The Gilded Cage (La cage dorée)

The Gilded Cage


It has become a new tradition at my household to watch a movie on New Year’s Day.   Last year it was Life of Pi, this year it’s The Gilded Cage (La cage dorée).  I had wanted to watch something light to start the year with and besides, I have heard good things about the movie.

The Gilded Cage centres around José  (Joaquim de Almeida) and Maria Ribeiro (Rita Blanco).  José works as a foreman in a construction company for 32 years whereas Maria has been working as the concierge at the same apartment complex for roughly the same period of time. Both take pride in their work and consider work as part of their life. When an unexpected inheritance falls into José’s lap, they’re faced with the dilemma of leaving all the work behind and returning to Portugal, or forfeiting the inheritance and enjoying their working life in France.  Adding to the complexity, both their children are very much French already and that their daughter is dating somebody that they had never suspected.  When their bosses and friends find out about their possible return to Portugal, they try their best to persuade them to stay. For comical reliefs, there’s Maria’s sister who’s trying to open a restaurant – and feels betrayed that Maria hasn’t told her directly about the inheritance – as well as their family friend Rosa, a busybody with a good heart.

I want to like The Gilded Cage a lot more – but I feel that it’s flat-lining most of the time.  As a migrant, I get the issue of wanting to escape a life of hardwork and a place to call our own back ‘home’. However, I just feel that it could have been explored and presented better. There are some funny moments, but some of the light moments feel forced – I certainly don’t warm to Rosa’s character for example. To me, the pulse of the movie is only felt about three-quarters of the duration – by then, I have already reserved judgment of The Gilded Cage. It is a crowd-pleaser (and tries very hard to please) and I bet it’s probably very popular among the Portuguese migrants in France. What I would remember from the movie is the heartfelt fado song that is played towards the end of the movie and the message that we should never lose our character and heritage wherever we settle down – away from our homeland.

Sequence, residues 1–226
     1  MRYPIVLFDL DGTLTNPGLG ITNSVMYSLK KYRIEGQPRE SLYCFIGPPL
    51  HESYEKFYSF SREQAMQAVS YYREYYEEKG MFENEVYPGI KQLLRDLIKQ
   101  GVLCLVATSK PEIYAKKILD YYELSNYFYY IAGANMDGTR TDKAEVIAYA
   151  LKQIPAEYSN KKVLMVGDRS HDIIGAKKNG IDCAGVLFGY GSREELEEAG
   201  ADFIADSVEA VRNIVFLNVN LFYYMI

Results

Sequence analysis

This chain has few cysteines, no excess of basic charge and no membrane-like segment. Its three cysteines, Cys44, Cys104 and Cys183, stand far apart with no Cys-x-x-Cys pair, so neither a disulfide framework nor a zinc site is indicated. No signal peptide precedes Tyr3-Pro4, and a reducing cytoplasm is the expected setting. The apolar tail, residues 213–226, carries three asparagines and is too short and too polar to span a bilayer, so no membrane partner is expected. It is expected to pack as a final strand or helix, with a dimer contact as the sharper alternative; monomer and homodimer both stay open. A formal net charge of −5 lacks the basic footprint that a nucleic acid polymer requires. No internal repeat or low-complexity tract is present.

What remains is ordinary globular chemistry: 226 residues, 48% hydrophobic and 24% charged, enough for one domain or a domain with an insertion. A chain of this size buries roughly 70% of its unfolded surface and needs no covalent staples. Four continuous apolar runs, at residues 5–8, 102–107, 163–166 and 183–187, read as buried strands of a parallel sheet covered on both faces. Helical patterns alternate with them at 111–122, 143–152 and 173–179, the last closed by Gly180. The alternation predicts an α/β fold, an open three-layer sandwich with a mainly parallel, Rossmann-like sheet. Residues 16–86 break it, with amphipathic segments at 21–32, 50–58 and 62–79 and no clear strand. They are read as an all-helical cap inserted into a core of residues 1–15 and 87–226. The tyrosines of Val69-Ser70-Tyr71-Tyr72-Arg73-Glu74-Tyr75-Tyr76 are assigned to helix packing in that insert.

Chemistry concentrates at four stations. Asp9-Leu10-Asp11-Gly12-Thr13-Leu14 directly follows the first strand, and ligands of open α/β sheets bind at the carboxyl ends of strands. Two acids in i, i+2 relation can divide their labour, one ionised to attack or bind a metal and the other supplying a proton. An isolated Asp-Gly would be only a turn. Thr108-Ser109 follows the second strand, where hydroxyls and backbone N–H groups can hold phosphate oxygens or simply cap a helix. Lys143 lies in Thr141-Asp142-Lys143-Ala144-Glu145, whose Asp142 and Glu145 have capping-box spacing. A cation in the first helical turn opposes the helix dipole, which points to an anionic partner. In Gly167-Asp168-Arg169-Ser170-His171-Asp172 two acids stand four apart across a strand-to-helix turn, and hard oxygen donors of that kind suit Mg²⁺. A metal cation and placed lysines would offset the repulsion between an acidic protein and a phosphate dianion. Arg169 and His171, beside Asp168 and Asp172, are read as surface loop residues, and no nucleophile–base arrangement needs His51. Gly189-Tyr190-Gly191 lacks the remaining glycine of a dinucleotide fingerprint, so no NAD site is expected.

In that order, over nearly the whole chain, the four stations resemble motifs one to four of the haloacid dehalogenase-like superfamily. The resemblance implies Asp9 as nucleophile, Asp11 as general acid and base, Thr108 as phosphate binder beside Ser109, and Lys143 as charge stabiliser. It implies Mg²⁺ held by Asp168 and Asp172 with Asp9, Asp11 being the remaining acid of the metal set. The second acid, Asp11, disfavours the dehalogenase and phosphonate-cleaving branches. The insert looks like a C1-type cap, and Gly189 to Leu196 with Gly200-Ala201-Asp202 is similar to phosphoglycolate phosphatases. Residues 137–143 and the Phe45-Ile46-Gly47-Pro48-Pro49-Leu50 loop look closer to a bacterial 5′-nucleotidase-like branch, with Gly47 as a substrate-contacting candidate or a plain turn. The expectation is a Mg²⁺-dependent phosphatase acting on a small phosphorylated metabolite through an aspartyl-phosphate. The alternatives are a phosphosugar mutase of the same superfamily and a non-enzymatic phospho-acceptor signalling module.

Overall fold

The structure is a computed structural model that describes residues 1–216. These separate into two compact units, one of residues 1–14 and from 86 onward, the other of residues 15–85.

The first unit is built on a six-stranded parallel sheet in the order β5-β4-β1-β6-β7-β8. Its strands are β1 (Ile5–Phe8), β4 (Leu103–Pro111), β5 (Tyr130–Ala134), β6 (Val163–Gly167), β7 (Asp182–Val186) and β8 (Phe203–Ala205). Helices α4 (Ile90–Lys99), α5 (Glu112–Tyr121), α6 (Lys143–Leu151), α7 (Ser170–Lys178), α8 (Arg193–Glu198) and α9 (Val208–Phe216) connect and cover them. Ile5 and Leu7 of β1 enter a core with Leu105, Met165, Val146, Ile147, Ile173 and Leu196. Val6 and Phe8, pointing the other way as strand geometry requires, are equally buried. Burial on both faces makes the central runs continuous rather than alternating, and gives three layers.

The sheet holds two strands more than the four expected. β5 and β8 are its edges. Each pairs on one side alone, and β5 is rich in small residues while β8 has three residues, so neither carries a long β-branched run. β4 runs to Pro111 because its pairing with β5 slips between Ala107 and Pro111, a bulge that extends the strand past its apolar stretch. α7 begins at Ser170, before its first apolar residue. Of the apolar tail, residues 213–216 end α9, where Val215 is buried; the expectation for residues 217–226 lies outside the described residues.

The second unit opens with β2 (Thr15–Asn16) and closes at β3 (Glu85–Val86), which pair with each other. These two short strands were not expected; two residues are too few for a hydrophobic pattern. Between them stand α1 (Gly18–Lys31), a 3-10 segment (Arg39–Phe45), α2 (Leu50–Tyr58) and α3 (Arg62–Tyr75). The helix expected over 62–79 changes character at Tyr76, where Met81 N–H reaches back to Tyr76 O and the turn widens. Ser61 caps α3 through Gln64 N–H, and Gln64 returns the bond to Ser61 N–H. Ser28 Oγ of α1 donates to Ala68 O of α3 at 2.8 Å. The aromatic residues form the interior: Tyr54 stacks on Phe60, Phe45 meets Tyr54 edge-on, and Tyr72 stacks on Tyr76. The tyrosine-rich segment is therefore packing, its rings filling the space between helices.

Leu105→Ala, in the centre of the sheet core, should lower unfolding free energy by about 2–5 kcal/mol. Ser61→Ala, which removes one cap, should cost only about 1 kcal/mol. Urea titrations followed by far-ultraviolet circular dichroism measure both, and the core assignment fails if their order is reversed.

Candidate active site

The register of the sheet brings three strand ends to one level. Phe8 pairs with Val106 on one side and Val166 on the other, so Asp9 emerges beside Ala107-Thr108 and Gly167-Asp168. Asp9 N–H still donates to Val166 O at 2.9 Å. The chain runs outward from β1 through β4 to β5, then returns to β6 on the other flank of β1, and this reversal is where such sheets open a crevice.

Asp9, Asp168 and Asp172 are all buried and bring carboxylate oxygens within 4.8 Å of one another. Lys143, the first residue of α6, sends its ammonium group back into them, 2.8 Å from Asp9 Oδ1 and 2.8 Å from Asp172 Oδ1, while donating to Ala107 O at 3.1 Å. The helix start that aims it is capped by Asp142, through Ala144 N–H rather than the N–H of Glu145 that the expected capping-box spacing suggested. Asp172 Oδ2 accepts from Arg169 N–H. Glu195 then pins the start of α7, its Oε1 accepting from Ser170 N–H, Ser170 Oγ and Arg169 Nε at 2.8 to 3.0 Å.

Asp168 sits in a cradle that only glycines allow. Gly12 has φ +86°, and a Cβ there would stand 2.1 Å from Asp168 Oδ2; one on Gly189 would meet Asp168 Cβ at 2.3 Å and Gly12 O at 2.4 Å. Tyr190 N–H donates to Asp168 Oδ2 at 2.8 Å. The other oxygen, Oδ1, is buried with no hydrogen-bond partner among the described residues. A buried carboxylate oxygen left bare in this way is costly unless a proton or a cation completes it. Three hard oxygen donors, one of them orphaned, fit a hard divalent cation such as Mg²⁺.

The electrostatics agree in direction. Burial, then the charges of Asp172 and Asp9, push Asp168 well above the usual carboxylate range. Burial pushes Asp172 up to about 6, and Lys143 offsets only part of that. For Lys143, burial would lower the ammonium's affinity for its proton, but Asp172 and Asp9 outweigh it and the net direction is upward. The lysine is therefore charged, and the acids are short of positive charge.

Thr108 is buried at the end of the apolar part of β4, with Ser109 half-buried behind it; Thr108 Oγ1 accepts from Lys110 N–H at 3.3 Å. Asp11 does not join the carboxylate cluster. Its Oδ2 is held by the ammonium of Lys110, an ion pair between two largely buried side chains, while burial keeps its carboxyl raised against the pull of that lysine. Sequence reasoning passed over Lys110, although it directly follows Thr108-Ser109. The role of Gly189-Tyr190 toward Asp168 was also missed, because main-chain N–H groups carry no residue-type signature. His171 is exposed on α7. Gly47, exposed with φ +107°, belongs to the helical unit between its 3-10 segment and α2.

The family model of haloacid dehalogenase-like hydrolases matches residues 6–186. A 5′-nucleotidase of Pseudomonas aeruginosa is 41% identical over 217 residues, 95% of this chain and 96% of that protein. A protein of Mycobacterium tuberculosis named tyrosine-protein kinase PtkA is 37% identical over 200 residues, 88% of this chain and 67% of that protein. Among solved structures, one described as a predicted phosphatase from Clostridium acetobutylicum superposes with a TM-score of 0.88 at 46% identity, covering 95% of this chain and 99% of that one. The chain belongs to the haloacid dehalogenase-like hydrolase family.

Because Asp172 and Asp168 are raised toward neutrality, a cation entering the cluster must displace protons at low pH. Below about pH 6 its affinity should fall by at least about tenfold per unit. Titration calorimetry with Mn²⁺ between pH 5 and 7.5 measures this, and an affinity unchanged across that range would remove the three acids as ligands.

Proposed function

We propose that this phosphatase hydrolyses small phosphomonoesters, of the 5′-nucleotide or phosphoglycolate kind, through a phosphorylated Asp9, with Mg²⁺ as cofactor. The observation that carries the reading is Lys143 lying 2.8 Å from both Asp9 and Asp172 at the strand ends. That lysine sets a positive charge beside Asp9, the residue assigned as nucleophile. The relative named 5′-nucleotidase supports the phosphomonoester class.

Published by fuzz

I've finally relented to the lures of blogging - and for those who care, well, I'm a self-confessed geek who's a wanderer at heart, who thinks and analyses too much, and who's trying hard to hold on to his 7-year old inner persona.

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